Following is the message by UN Secretary-General Kofi Annan to the sixty-second session of the United Nations Economic and Social Commission for Asia and the Pacific (ESCAP), delivered today in Jakarta by Kim Hak-Su, Executive Secretary, ESCAP:
I urge you to use this meeting to sustain the momentum generated by last September's World Summit in New York. While world leaders did not achieve everything we might have hoped for, they did agree on progress across a broad front They achieved a breakthrough on the responsibility to protect, with all Member States expressing their will to act collectively, through the Security Council, when a population is threatened with genocide, ethnic cleansing or crimes against humanity. The creation of a Peacebuilding Commission and a Human Rights Council are major milestones
ESCAP's own reforms of recent years are an important part of efforts to adapt the United Nations. I know that ESCAP, together with the other four regional commissions, is taking steps to strengthen management, improve coordination, and ensure that its work reflects the priorities of Member States. I thank ESCAP for its contributions to system-wide reform, and offer my best wishes for a productive session.
Full text: http://www.un.org/News/Press/docs/2006/sgsm10410.doc.htm
3. Ten reasons to stay in Afghanistan: A U.S. Army Lieutenant Colonel explains why Canada must stay the course in Afghanistan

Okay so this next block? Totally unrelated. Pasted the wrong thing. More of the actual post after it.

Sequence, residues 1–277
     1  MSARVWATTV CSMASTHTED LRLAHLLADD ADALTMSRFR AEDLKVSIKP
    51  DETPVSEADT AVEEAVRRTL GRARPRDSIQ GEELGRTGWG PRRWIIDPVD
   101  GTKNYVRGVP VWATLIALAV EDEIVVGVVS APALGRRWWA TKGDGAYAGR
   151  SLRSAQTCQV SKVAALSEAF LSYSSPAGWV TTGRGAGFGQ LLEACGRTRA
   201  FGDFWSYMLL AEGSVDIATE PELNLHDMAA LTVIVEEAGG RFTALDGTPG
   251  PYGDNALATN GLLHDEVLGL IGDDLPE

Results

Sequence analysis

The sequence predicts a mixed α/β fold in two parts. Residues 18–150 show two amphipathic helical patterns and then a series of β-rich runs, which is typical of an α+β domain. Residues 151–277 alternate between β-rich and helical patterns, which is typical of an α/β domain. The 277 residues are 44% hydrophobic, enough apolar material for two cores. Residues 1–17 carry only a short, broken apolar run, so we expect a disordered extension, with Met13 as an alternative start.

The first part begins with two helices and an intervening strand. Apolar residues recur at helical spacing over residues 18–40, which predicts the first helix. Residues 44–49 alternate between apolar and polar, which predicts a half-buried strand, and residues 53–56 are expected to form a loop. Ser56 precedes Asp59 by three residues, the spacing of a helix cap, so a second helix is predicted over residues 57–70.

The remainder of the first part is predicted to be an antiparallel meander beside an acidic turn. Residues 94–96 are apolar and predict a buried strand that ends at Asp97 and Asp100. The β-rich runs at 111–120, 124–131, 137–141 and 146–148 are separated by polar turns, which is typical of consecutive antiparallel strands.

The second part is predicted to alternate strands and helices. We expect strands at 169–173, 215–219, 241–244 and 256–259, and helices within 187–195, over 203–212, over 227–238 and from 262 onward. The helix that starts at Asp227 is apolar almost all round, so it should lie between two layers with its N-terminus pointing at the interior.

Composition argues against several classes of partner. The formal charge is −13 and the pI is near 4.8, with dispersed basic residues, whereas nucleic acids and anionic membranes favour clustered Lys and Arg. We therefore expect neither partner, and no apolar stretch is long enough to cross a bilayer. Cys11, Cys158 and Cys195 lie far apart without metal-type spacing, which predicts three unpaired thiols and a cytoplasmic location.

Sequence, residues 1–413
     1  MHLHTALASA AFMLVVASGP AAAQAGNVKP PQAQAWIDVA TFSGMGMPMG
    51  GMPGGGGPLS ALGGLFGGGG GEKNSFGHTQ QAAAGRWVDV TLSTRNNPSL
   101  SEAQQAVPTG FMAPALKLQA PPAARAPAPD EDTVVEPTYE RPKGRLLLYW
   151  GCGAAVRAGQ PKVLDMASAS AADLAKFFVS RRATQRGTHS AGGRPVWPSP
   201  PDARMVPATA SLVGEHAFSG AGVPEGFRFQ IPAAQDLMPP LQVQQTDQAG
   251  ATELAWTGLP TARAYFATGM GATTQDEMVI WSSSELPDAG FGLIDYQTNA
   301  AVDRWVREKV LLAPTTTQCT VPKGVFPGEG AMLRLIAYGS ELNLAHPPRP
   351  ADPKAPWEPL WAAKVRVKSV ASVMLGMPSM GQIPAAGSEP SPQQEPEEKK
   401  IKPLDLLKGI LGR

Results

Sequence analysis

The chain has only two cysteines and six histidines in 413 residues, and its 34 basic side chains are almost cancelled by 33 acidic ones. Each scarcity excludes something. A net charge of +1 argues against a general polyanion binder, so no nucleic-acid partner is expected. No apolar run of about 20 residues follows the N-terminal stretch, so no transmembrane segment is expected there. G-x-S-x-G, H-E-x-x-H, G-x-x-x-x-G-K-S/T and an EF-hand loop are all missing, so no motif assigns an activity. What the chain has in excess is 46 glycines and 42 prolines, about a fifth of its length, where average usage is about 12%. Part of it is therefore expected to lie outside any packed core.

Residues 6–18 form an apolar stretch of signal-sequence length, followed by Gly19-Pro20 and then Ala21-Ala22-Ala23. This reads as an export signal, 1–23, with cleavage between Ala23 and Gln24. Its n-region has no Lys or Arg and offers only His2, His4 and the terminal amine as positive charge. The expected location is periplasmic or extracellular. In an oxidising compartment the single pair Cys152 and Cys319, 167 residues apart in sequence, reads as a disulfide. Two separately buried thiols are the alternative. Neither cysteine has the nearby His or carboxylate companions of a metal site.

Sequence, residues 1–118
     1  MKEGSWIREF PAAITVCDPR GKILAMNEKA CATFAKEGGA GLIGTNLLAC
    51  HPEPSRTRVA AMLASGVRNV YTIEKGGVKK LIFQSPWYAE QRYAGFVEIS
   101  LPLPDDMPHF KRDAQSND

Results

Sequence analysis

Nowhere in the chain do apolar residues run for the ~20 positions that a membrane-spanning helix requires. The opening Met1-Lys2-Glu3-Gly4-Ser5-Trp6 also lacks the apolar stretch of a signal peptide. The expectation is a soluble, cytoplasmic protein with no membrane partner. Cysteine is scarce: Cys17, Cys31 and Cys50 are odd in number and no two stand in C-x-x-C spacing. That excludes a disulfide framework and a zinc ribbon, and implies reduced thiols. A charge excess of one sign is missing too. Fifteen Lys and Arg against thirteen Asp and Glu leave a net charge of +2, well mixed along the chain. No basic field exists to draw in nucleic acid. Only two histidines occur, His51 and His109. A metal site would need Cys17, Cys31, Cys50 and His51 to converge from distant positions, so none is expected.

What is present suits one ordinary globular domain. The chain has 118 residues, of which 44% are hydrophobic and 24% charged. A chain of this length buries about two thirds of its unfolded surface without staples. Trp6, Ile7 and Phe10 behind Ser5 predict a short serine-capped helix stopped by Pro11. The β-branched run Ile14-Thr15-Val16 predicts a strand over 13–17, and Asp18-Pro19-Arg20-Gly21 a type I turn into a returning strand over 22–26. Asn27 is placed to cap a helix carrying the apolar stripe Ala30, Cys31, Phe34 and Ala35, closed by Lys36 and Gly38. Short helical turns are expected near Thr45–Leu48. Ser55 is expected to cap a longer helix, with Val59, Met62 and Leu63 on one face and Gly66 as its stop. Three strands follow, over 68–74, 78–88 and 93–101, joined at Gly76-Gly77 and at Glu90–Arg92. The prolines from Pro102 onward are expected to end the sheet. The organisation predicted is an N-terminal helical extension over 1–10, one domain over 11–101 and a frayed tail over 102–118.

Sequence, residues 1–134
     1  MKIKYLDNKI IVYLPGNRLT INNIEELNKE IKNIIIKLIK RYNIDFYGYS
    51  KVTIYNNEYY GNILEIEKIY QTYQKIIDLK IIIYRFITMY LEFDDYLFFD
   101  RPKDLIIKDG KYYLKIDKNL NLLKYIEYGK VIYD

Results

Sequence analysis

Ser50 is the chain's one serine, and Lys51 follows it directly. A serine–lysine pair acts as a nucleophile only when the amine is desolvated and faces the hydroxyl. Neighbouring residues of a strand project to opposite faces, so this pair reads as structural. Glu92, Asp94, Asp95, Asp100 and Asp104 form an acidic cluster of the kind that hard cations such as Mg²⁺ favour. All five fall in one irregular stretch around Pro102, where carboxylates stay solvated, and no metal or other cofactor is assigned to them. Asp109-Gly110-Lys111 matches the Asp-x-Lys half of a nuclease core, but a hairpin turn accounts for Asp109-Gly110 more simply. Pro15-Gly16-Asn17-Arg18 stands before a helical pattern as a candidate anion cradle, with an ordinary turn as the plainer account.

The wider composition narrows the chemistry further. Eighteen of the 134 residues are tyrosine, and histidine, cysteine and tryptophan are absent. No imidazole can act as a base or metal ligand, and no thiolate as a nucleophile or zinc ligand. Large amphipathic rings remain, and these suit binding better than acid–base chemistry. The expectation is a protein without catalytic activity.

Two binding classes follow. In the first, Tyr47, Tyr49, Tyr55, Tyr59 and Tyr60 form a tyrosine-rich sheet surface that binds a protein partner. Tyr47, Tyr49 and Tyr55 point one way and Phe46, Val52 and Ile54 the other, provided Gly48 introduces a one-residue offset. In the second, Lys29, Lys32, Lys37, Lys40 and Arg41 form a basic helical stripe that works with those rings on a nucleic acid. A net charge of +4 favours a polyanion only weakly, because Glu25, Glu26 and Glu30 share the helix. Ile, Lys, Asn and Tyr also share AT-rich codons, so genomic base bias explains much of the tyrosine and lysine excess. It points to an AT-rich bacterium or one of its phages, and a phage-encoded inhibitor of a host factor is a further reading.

National Post (f/k/a The Financial Post) (Canada)
By Stephen J. Mariano and Benjamin Zyla
11 April 2006
This week's Parliamentary debate on Canada's Afghanistan deployment is sorely needed [H]ere are the top 10 reasons why Canada should stay committed to Afghanistan:
10. Economics. ()
9. Poppies. ()
8. Rule of law and human rights. Canada has worked hard, both inside and outside the United Nations, to promote human rights and the rule of law. In particular, Canada has been a leading advocate of the "responsibility to protect" doctrine, which asserts that wealthy nations have a duty to prevent human-rights abuses in other nations.
Unless Afghanistan's government respects the rule of law, the country will be at risk of slipping back into anarchy and tribal fiefdoms. Abandoning one of the world's poorest countries would send a negative message about the value Canadians place on basic human rights.
7. Democracy: ( )
6. Reinforcing success: The international community's chance of success is better in Afghanistan than most other war-torn nations. Despite occasional spasms of violence, stability and reconstruction efforts are proceeding apace. Canada's "diplomacy, development and defence" (or 3-D) approach is working. Shifting Canadian efforts to other crisis spots -- such as the Darfur area of Sudan -- is tempting, but pre-mature. By making Canada's commitment to Afghanistan a priority, foreign and defence policy makers can maximize the impact of scarce Canadian resources. Taking on too many commitments with too few resources risks ineffective engagement in all endeavors.